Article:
The research paper, Can Precious Metals Make Your Portfolio Shine, cited in this article was authored by C. Mitchell Conover, The Robins School of Business, University of Richmond; Gerald R. Jensen, Professor of Finance, Northern Illinois University; Robert R. Johnson, Deputy Chief Executive Officer & Managing Director, Education Division, CFA Institute; and Jeffrey M. Mercer, Associate Professor of Finance, Rawls College of Business, Texas Tech University.
The authors analyzed numerous studies that have explored the investment benefits of adding precious metals to portfolios of U.S. equities, including a 2006 study ("Do Precious Metals Shine? An Investment Perspective." Financial Analysts Journal 62 March/April 2006 by David Hillier, Paul Draper and Robert Faff) that examined the relative benefits of supplementing an investment in the S&P 500 with gold, silver, or platinum over the period 1976 to 2004, and found that portfolio performance generally improves regardless of which precious metal is added, with gold offering the greatest incremental benefit and silver the least benefit.
In its summary and conclusion, the paper offered the following insights:
"First, we find that adding a 25% allocation to the equities of precious metals firms improves portfolio performance substantially. Portfolio returns increase by 1.65% and the standard deviation drops by 1.86%. While smaller allocations improve portfolio returns and risk, the benefits are less prominent. Second, our evidence indicates that an indirect investment in precious metals, via the equities of precious metals firms, dominates a direct investment in precious metal commodities. Both direct and indirect investments improve portfolio performance; however, the benefits of an indirect exposure are considerably larger. Third, relative to platinum and silver, gold has better stand-alone performance and appears to provide a better hedge against the negative effects of inflationary pressures. Fourth, the benefits of precious metals are strongly tied to monetary conditions. The benefits of adding precious metals to a portfolio are rather small during periods when Fed policy is expansive; however, the benefits are substantial when monetary policy is restrictive. Finally, while the benefits of adding precious metals to an investment portfolio varied somewhat over time, they prevailed throughout much of the 34-year study period. Furthermore, the benefits have been quite pronounced in recent years.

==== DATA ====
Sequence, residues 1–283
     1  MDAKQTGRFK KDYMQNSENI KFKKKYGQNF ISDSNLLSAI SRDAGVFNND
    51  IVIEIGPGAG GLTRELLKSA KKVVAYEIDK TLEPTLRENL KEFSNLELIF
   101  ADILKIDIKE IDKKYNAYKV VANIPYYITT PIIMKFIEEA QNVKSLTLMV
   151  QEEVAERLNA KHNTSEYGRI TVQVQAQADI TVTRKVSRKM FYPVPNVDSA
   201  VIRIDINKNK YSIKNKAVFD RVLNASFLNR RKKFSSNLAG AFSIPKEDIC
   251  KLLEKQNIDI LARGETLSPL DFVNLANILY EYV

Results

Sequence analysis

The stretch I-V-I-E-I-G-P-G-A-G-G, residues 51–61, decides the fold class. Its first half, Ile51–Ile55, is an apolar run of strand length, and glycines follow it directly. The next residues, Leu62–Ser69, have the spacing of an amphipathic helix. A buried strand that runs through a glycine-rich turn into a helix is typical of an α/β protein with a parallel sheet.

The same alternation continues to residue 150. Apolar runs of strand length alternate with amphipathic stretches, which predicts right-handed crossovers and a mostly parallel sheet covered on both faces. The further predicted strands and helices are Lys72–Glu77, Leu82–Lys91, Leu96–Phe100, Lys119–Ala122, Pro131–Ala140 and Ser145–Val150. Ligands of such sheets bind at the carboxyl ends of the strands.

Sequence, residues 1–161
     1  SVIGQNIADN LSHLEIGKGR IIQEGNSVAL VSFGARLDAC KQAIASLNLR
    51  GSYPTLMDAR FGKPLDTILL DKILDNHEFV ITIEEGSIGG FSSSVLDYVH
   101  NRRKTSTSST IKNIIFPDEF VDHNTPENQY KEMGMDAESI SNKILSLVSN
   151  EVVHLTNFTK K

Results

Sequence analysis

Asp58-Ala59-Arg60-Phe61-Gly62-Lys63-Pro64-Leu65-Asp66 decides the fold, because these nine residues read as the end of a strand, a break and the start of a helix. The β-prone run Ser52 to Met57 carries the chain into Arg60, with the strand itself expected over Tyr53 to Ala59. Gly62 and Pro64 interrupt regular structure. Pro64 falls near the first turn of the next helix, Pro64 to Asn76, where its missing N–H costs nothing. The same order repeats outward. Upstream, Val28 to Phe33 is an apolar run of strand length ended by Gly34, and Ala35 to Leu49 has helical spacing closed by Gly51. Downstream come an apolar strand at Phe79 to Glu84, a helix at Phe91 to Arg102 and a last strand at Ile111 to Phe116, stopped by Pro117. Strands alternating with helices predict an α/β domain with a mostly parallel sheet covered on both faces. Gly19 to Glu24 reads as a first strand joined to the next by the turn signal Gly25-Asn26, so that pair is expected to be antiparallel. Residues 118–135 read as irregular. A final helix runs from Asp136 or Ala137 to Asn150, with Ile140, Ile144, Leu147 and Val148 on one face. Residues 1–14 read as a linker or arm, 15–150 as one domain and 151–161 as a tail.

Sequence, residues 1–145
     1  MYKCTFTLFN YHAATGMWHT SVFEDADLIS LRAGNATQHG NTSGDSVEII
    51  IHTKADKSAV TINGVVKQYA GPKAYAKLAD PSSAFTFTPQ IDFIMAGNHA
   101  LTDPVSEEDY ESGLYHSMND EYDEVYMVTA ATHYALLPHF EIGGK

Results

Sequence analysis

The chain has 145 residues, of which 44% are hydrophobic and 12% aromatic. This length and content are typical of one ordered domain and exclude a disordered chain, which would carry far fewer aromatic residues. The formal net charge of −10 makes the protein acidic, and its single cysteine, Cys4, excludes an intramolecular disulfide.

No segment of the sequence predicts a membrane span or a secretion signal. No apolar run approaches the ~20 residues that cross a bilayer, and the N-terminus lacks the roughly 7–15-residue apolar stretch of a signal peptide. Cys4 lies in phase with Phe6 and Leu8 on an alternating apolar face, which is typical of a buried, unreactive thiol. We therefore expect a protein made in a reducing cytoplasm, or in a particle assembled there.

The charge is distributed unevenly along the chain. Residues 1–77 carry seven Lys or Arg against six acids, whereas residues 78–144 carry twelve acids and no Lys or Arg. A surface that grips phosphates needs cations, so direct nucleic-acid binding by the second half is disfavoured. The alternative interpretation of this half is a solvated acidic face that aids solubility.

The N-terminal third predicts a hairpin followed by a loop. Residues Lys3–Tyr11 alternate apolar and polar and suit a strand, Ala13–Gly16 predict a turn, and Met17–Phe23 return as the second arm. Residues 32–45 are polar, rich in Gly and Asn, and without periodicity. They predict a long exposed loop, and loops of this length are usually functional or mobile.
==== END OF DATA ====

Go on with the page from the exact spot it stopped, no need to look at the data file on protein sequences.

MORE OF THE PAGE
"Overall, our evidence suggests that investors could improve portfolio performance considerably by adding a significant exposure to the equities of precious metals firms. The improvement can be attributed to the ability of precious metals to mollify the poor market performance that tends to afflict many equities during periods when Fed policy is restrictive.
"While a strategic allocation to precious metals equities captures most of the benefits; our results suggest a tactical approach offers some additional benefits. Specifically, using monetary policy shifts to guide investment in precious metals, and particularly gold bullion, achieved slightly higher return and lower risk than that achieved with a strategic allocation."